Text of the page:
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The latest news from academia, regulators
research labs and other things of interest

New mathematics advances the frontier of macromolecular imaging

To see proteins in their native environment, scientists can blast powerful X-rays at tiny volumes of proteins in solution. Resulting 'diffraction patterns' can then be interpreted to reconstruct information about the protein's molecular structure. An emerging technique called fluctuation X-ray scattering could provide more detail than traditional solution scattering.

Posted: Aug 10th, 2015

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New hydrogel stretches and contracts like a heat-driven muscle

Scientists have developed a new hydrogel that works like an artificial muscle - quickly stretching and contracting in response to changing temperature. They have also managed to use the polymer to build an L-shaped object that slowly walks forward as the temperature is repeatedly raised and lowered.

Posted: Aug 10th, 2015

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Camera for the nano-cosmos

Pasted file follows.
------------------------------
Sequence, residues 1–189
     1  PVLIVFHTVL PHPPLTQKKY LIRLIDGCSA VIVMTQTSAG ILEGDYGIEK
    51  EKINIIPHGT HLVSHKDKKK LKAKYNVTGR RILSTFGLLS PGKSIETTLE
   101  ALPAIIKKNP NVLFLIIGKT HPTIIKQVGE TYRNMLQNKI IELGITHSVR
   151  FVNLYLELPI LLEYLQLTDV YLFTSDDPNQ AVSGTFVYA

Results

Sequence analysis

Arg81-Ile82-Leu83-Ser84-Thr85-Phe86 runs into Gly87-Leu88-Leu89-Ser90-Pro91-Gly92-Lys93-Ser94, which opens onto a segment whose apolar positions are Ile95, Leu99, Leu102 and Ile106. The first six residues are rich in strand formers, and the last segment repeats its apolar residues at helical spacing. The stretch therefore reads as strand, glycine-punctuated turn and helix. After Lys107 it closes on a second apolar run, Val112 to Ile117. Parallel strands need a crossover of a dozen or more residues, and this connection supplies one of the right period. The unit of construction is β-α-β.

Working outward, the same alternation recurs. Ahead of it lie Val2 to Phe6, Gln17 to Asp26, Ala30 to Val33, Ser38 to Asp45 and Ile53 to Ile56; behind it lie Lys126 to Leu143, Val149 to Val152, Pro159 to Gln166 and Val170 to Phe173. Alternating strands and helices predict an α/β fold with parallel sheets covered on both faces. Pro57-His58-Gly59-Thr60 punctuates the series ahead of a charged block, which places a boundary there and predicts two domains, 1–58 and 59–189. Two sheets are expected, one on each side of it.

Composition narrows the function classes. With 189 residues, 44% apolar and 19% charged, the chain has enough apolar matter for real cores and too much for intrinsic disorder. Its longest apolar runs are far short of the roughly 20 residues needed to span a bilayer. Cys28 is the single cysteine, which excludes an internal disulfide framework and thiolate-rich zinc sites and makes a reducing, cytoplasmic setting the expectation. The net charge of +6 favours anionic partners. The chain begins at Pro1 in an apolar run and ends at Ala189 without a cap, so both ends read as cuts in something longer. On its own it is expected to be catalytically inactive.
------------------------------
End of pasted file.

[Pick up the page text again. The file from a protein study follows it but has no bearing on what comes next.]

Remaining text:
Scientists have succeeded in combining two established measurement techniques for the first time: near-field optical microscopy and ultra-fast spectroscopy. Computer-assisted technology developed especially for this purpose combines the advantages of both methods and suppresses unwanted noise. This makes highly precise filming of dynamic processes at the nanometer scale possible.

Posted: Aug 10th, 2015

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A new strategy towards ultra-soft yet dry rubber

A team of polymer physicists and chemists has developed a way to create an ultra-soft dry silicone rubber. This new rubber features tunable softness to match a variety of biological tissues, opening new opportunities in biomedical research and engineering.

Posted: Aug 10th, 2015

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Narrowing the gap between synthetic and natural graphene

Researchers have developed a novel variant on the chemical vapour deposition process which yields high quality material in a scalable manner. This advance should significantly narrow the performance gap between synthetic and natural graphene.

Posted: Aug 8th, 2015

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Copper clusters capture and convert carbon dioxide to make fuel

The chemical reactions that make methanol from carbon dioxide rely on a catalyst to speed up the conversion, and scientists identified a new material that could fill this role. With its unique structure, this catalyst can capture and convert carbon dioxide in a way that ultimately saves energy.

Posted: Aug 7th, 2015

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